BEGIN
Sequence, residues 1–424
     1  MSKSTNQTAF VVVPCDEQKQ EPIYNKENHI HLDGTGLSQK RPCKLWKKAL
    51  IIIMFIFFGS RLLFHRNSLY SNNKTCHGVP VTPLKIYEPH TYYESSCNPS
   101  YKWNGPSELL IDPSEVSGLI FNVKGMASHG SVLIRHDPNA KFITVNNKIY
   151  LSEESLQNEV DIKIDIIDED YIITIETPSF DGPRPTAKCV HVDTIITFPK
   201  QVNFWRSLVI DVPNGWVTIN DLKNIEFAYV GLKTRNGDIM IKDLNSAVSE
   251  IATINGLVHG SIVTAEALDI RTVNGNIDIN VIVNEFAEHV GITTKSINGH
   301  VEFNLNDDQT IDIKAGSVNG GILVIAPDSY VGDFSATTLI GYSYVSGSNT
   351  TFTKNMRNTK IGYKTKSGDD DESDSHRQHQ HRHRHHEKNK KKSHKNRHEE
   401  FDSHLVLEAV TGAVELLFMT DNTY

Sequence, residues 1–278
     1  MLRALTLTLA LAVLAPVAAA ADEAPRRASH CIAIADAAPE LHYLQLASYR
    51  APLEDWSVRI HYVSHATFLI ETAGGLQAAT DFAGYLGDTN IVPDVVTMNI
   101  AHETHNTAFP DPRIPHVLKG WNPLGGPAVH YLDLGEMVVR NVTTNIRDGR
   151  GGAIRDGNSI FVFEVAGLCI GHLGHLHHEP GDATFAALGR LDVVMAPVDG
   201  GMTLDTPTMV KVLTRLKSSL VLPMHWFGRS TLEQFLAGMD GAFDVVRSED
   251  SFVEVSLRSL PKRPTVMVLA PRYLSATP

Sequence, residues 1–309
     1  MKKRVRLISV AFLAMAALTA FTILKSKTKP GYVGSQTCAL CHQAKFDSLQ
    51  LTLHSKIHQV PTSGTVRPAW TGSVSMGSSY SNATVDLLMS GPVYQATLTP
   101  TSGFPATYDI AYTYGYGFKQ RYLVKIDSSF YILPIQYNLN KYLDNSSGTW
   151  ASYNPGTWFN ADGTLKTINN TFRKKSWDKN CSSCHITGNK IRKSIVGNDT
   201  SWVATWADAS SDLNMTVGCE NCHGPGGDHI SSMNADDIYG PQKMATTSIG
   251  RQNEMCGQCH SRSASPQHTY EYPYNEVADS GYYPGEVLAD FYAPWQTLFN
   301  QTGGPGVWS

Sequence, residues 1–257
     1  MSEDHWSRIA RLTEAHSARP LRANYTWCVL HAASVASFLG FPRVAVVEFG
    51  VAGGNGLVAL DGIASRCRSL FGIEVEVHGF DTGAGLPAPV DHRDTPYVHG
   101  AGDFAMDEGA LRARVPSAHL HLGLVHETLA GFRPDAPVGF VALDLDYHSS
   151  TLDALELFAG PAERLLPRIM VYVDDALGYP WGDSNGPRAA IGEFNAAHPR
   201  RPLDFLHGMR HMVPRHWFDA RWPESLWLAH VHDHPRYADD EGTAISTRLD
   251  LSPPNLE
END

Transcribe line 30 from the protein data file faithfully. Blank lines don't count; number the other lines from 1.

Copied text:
   151  TLDALELFAG PAERLLPRIM VYVDDALGYP WGDSNGPRAA IGEFNAAHPR